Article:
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The Vote Hemp Weekly News Update Volume I, Number 11
December 5, 2006

Dear Reader,

Welcome to the eleventh issue of The Vote Hemp Weekly News Update! Every week or so members of the Vote Hemp Board of Directors and our Media Team help to choose the best hemp news to present to you for your perusal.

In this issue we will be starting a new feature called Hemp Shorts. Many hemp news stories have hemp mentioned in them, but are not the main focus of the story. Some are interesting. A few are worth sharing. If you don't have enough hemp news in your diet this can help fill that void without subscribing to a ton of search engines and wading through it all yourself.

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We need and truly appreciate your support!

Best Regards,

Tom Murphy
Weekly News Update Editor

Weekly News Update Stories
  • Hemp -- Ontario's new 'wonder crop'
  • Hemp Shorts:
  • Hemp shaking its shady image
  • Wholesome Hemp Moves into Mainstream
  • On the lookout for a nice pair of hemp boxers

  • Hemp Shorts:

    After A Lovely Drive Among The Hemp Fields Of Manitoba, Our Environmental Questions Are Answered
    Take a trip and blog about it.

    Wholesome Hemp Moves into Mainstream (PDF File 365MB)
    Same story as the one linked to below, but with Cool Hemp graphics!

    Farmers told to plan now to benefit from climate change
    Like all crops, hemp's range is changing.

    Luzhou textile launches hemp/bamboo fiber fabric
    Hemp makes an excellent fiber to blend with.

    Students share results of semester-long studies
    Wow, hemp can be used for food?

    Students to race hemp car
    Video of this story is online at this link as well.

    Hemp shaking its shady image

    By Larry Kusch
    Winnipeg Free Press
    November 17, 2006

    IT'S used in salad oil, power shakes and non-meat burgers, it's turning up in skin care products and may one day coat the exterior of long-haul buses.

    The Canadian hemp industry is booming as farmers, food processors and industrial users alike are rediscovering the plant that is related to marijuana, but won't get you high.

    Health-conscious consumers are driving the growth that saw crop acreage double in Canada this year, according to participants gathering in Winnipeg for the annual convention of the Canadian Hemp Trade Alliance on Friday.

    "It's the human health food market which is driving things along at the moment," said Arthur Hanks, the group's executive director.

    Wholesome Hemp Moves into Mainstream

    By Treena Hein
    Food In Canada
    October 2006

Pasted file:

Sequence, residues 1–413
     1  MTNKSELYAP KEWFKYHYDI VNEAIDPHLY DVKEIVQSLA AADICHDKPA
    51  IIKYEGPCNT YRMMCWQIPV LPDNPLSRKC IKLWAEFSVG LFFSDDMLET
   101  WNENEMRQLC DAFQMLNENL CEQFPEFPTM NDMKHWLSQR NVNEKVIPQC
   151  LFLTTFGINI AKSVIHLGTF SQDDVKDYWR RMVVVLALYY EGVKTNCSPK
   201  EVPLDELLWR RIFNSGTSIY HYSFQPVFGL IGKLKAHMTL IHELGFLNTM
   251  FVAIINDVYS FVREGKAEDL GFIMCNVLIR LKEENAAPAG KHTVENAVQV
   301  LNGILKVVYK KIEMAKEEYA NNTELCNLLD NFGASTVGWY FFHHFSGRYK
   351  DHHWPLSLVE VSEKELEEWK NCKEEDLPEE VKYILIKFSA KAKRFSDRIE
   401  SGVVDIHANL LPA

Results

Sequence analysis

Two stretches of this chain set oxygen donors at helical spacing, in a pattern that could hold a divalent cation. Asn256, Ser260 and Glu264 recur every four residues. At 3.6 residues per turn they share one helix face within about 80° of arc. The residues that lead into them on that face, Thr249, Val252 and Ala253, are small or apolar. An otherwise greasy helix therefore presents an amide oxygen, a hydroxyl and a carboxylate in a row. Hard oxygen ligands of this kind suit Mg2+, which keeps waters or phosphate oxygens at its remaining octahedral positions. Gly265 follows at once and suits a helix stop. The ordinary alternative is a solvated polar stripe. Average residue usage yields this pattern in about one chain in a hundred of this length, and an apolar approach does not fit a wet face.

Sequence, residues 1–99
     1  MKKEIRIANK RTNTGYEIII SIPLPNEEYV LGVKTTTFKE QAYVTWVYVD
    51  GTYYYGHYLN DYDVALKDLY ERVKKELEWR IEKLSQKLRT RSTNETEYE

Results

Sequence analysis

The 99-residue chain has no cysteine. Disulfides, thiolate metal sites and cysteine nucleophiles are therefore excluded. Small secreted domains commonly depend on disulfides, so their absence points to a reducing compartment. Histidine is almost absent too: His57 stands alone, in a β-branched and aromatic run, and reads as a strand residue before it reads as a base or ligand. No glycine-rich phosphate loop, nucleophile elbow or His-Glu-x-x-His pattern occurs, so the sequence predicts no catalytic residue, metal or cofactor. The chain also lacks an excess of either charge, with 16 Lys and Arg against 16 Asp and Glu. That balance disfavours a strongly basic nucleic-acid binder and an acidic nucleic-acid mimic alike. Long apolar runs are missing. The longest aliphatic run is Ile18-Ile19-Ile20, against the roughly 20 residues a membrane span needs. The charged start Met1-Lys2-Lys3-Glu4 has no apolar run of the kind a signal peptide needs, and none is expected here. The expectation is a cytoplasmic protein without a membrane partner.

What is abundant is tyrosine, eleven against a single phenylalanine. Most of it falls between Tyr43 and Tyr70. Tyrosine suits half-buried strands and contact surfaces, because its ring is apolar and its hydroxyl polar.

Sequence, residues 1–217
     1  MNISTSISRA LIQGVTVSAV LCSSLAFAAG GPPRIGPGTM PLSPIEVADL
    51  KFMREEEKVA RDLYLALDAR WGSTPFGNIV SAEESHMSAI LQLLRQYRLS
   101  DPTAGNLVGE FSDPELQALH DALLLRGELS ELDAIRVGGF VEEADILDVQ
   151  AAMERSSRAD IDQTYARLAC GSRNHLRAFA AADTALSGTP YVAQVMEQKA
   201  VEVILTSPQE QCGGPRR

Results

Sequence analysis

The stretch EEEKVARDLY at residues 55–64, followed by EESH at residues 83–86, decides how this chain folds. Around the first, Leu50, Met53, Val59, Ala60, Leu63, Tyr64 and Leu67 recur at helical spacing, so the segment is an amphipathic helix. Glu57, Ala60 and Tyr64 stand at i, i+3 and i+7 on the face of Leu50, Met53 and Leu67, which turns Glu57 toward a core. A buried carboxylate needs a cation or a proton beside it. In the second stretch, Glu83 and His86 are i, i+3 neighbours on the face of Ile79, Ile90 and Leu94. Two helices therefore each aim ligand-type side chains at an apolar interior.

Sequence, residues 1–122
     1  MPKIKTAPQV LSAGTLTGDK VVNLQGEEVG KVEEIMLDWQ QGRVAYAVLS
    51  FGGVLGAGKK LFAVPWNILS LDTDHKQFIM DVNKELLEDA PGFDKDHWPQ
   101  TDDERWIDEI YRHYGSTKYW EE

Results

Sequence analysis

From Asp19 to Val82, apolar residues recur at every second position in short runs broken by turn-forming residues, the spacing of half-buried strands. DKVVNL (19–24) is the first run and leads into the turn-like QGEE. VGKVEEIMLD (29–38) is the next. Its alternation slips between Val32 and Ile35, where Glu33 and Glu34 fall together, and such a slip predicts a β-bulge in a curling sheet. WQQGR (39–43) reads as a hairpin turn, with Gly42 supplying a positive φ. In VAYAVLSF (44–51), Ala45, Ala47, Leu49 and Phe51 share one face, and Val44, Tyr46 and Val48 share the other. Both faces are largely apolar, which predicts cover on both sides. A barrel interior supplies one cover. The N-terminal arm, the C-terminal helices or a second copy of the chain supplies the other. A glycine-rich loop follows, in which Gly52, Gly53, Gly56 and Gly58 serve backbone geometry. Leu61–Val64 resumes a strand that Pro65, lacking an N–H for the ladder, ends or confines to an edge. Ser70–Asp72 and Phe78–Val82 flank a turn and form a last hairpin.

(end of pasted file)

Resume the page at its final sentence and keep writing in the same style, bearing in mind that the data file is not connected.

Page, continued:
Move over wheat and other grains - food products made with hemp are offering consumers a tasty alternative packed with outstanding nutrition.

    Hemp seeds contain the recommended 3:1 ratio of essential omega-6 and omega-3 fatty acids, which reduce the risk of such conditions as cardiovascular disease, stroke, osteoporosis and diabetes. Hemp seeds are also rich in protein, calcium and iron, and are an excellent source of rare Gamma-Linoleic Acid, which lowers cholesterol and protects against degenerative conditions like arthritis.

    On the lookout for a nice pair of hemp boxers

    By Duane Laird
    Delta Optimist
    November 29, 2006

    You know how it is some mornings. You read something in the newspaper that sticks in your neural craw and you masticate on it the rest of the day, trying to digest the full import of the material in question. That very thing happened to me just last week. Only it wasn't the newspaper. It was my underwear. "Maggie, look at this," I said to my wife, "these Stanfields say they're made in Canada." Her finely tuned diatribe detector kicking in, she backed towards the door, mumbling something about a forgotten root canal appointment. Too late. "How can they say they're made in Canada? I've travelled across this great land of ours and never once have I seen cotton fields swaying in the breeze!"

    Hemp -- Ontario's new 'wonder crop'

    By Treena Hein
    Better Farming
    November 2006

    Hemp is considered by many to be a wonder crop, with fibre suitable for producing items such as paper, animal bedding, garden mulch, insulation and composite construction materials.

    What's more, the seed is becoming increasingly well-known as a nutritional powerhouse. It contains high levels of the recommended 3:1 ratio of essential Omega 6 and Omega 3 fatty acids, which have been shown to reduce the risk of cardiovascular disease, stroke, osteoporosis, diabetes and many other conditions. Hemp seeds are also protein-rich and an excellent source of rare Gamma-Linoleic Acid, important for growth and development as well as providing protection against degenerative conditions like arthritis.

    With important properties like these, it is no surprise that more Ontario farmers are growing hemp, particularly now that a solid oilseed market and Ontario-adapted varieties exist, says Gordon Scheifele, president of the Ontario Hemp Alliance (OHA), a non-profit promotional organization based in Tavistock.

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